I have mixed feelings about Colleen McCullough. On one hand, she wrote the well-researched and racy Caesar’s Women and other novels set in ancient Rome. On the other hand, I haven’t quite forgiven her for Thorn Birds.
Now, I love Pride and Prejudice.The story is an understated comedy of formal manners and romantic expectations, plus nerdy girls everywhere agree that Mr Darcy is a catch. I love it because it also shows that the clever use of sarcasm can make any difficult situation better.
I was excited for some more brilliant Elizabeth / Darcy banter, and I was interested in seeing how the relationship matured. Would seventeen years of marriage to Elizabeth get Darcy laughing and lighthearted, or would she find that the dark, sarcastic, brooding type can be hard to live with? Are Jane and Bingley cheated by every servant, as Mr. Bennett predicted at the end of Pride and Prejudice?
I was hoping that bookish Mary would have some bluestocking friends and perhaps meet a nice professor or author for her love interest. Instead, she is kidnapped first by highwaymen, then by Darcy’s brutish secret half-brother, and finally spends most of the book held hostage by, um, a human-sacrifice cult living in the huge underground caves near Pemberley! (The Darcys just have endless skeletons in their closets, don’t they?). I had to check a couple times to make sure I was reading an actual novel and not internet fanfic.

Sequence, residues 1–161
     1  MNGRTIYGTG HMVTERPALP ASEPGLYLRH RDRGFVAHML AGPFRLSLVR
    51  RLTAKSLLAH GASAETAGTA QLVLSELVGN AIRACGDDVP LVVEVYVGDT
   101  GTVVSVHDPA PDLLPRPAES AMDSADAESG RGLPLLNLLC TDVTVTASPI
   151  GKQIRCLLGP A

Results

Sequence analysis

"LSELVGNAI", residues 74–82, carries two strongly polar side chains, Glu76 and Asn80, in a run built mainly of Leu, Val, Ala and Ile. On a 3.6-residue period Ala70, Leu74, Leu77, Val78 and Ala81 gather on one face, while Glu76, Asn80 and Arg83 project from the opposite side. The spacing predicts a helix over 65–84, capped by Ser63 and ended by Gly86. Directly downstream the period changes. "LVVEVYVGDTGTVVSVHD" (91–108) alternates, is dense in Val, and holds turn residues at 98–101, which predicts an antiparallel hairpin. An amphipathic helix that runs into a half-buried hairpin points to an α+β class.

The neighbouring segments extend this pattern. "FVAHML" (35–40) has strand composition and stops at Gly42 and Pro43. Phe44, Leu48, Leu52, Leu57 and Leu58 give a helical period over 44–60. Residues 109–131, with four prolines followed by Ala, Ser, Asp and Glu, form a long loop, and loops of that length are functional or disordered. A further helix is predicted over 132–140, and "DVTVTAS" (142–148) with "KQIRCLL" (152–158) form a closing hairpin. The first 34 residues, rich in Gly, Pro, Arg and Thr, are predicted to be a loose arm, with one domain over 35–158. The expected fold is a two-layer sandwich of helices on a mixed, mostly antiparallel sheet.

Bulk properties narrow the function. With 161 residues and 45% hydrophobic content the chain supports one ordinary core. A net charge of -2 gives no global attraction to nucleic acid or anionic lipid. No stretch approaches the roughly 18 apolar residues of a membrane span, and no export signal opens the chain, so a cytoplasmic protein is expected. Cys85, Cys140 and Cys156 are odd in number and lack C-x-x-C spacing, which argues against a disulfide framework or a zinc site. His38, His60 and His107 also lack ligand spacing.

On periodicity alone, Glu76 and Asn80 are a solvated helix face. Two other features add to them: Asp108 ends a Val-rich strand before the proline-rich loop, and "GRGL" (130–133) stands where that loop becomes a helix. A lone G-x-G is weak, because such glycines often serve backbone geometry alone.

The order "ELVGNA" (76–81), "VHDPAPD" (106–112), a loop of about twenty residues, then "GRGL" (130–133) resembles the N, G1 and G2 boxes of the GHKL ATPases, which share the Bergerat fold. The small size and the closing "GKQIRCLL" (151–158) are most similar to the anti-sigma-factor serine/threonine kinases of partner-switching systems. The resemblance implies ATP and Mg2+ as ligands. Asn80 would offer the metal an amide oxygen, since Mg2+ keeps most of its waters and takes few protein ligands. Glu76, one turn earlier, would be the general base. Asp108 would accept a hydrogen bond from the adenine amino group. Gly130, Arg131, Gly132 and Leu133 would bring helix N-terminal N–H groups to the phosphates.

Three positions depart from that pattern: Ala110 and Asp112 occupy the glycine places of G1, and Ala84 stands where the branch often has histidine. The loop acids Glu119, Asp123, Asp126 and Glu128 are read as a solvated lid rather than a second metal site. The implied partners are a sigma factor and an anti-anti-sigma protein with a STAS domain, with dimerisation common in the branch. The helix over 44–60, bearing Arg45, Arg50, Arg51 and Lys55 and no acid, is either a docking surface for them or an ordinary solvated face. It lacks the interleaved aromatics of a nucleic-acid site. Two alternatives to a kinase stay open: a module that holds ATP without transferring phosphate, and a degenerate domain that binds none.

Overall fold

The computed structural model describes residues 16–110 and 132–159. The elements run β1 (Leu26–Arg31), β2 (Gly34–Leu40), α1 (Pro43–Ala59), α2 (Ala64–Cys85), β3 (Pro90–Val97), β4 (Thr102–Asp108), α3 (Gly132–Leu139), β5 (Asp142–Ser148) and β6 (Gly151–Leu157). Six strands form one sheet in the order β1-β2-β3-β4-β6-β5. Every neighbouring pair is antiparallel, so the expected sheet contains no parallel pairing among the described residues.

The understated comedy was gone. Instead, characters with the same names as my beloved Bennett sisters had emotional blowup after emotional blowup. A blunt and uncontrolled Elizabeth Bennett Darcy shouting mediocre insults? Huh? Antisocial Darcy — who goes by the cutesy nickname Fitz — is networking with the house of lords as part of his campaign for prime minister, and trying to keep both his thuggish half-brother and mad, alcoholic Lydia Bennett Wickham a secret. One clever moment, when Caroline Bingley is dispatched to deal with pushover Jane and Bigley’s unruly children, is canceled out by bizarre actions by characters we know and love.
Writing a sequel to such a well-loved story would be difficult no matter what, and subject to readers insisting that that’s not what Jane / Elizabeth / Darcy / Mary would really have done. But, come on, a human sacrifice cult? In Derbyshire?